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Section 15.4 Titrations and pH Curves Return to TOC Copyright © Cengage Learning. All rights reserved 16 Let’s Think About It… K = 1.8 x 10 9 HC 2 H 3 O 2 (aq) +OH – C 2 H 3 O 2 – (aq)+ H 2 O Before0.20 mol 0.030 mol0 Change–0.030 mol +0.030 mol After0.17 mol 0 0.030 mol

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Section 15.4 Titrations and pH Curves Return to TOC Copyright © Cengage Learning. All rights reserved 17 Steps Toward Solving for pH K a = 1.8 x 10 –5 pH = 3.99 HC 2 H 3 O 2 (aq) +H2OH2OH3O+H3O+ + C 2 H 3 O 2 - (aq) Initial 0.170 M~00.030 M Change –x+x Equilibrium 0.170 – xx0.030 + x

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Section 15.4 Titrations and pH Curves Return to TOC Copyright © Cengage Learning. All rights reserved 18 Exercise Calculate the pH of a 100.0 mL solution of 0.100 M acetic acid (HC 2 H 3 O 2 ), which has a K a value of 1.8 x 10 –5. pH = 2.87

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Section 15.4 Titrations and pH Curves Return to TOC Copyright © Cengage Learning. All rights reserved 19 Concept Check Calculate the pH of a solution made by mixing 100.0 mL of a 0.100 M solution of acetic acid (HC 2 H 3 O 2 ), which has a K a value of 1.8 x 10 –5, and 50.0 mL of a 0.10 M NaOH solution. pH = 4.74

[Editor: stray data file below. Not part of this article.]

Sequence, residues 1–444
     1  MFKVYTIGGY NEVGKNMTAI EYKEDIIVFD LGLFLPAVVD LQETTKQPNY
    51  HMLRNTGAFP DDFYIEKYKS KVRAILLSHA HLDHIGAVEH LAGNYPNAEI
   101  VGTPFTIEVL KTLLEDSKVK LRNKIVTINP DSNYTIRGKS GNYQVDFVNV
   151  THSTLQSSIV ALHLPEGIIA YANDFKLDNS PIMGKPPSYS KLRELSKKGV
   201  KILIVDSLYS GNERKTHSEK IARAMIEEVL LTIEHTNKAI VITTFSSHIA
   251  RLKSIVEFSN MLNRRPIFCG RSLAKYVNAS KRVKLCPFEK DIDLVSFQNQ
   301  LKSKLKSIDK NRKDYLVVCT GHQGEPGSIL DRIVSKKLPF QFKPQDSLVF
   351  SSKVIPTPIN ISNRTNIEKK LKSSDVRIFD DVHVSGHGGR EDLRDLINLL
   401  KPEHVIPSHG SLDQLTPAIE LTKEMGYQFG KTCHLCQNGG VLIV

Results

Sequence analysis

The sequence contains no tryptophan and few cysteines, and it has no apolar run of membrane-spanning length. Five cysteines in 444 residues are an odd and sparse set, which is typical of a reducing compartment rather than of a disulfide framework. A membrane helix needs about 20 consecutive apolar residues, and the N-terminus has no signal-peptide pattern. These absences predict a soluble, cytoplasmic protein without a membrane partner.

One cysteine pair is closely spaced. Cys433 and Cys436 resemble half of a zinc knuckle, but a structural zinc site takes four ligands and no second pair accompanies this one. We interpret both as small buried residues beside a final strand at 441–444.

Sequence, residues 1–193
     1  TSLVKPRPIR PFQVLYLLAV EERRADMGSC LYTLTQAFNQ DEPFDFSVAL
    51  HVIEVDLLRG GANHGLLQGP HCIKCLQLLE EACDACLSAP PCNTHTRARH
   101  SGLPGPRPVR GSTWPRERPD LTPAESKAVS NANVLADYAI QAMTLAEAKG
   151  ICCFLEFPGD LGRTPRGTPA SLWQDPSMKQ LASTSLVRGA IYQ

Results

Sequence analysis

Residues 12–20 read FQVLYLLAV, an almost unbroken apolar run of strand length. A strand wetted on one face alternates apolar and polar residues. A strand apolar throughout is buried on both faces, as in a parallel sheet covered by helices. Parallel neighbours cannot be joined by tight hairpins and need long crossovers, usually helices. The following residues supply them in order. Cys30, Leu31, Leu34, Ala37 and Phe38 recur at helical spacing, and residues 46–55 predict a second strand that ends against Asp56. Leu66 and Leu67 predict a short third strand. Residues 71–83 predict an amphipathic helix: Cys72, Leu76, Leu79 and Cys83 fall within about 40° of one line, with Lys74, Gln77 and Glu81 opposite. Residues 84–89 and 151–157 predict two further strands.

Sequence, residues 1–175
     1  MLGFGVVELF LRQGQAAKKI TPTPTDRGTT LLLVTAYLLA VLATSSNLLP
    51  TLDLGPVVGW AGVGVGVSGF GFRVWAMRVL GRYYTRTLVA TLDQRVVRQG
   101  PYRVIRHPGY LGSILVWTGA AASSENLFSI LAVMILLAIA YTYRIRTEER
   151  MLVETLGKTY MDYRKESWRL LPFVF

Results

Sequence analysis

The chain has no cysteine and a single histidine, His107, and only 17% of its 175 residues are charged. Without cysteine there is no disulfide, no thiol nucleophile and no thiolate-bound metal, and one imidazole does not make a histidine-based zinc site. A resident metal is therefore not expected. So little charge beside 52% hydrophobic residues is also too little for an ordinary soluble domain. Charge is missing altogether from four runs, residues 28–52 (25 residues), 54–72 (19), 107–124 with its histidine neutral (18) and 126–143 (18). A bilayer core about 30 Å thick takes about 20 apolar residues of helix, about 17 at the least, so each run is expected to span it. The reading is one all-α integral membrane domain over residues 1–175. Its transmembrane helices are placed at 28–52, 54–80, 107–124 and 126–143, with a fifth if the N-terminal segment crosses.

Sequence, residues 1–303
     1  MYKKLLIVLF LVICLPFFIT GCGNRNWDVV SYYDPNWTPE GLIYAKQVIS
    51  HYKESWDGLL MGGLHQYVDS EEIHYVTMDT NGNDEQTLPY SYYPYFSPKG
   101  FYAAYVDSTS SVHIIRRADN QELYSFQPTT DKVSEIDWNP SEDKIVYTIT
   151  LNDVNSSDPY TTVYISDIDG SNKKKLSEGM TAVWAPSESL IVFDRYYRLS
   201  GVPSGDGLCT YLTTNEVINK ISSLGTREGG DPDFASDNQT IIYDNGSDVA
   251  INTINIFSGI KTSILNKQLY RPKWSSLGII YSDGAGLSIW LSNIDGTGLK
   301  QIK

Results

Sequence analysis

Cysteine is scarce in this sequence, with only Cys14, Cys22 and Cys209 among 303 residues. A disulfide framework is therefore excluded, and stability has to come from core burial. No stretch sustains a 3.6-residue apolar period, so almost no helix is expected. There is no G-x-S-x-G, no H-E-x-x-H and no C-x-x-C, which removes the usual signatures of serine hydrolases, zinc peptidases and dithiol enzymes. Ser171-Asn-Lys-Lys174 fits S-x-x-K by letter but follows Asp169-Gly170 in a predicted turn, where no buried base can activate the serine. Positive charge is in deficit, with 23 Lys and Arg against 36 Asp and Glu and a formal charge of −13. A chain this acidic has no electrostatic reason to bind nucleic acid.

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Section 15.4 Titrations and pH Curves Return to TOC Copyright © Cengage Learning. All rights reserved 20 Concept Check Calculate the pH of a solution at the equivalence point when 100.0 mL of a 0.100 M solution of acetic acid (HC 2 H 3 O 2 ), which has a K a value of 1.8 x 10 –5, is titrated with a 0.10 M NaOH solution. pH = 8.72

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Section 15.4 Titrations and pH Curves Return to TOC Copyright © Cengage Learning. All rights reserved 21 The pH Curve for the Titration of 50.0 mL of 0.100 M HC 2 H 3 O 2 with 0.100 M NaOH

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Section 15.4 Titrations and pH Curves Return to TOC Copyright © Cengage Learning. All rights reserved 22 The pH Curves for the Titrations of 50.0-mL Samples of 0.10 M Acids with Various K a Values with 0.10 M NaOH